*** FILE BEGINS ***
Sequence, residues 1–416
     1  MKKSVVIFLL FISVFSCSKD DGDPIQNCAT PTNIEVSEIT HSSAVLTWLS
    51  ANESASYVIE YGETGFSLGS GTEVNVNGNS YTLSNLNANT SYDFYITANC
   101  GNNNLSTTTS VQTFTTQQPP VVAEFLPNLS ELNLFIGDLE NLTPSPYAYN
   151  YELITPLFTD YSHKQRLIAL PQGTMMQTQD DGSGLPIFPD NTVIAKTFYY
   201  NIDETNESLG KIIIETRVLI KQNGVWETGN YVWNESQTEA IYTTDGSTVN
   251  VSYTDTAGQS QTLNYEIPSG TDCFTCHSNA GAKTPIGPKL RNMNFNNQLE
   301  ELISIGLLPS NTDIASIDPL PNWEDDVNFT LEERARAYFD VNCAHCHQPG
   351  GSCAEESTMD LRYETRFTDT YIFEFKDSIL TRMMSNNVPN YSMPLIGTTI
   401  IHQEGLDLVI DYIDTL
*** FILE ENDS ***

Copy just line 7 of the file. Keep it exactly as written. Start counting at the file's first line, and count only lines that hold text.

   251  VSYTDTAGQS QTLNYEIPSG TDCFTCHSNA GAKTPIGPKL RNMNFNNQLE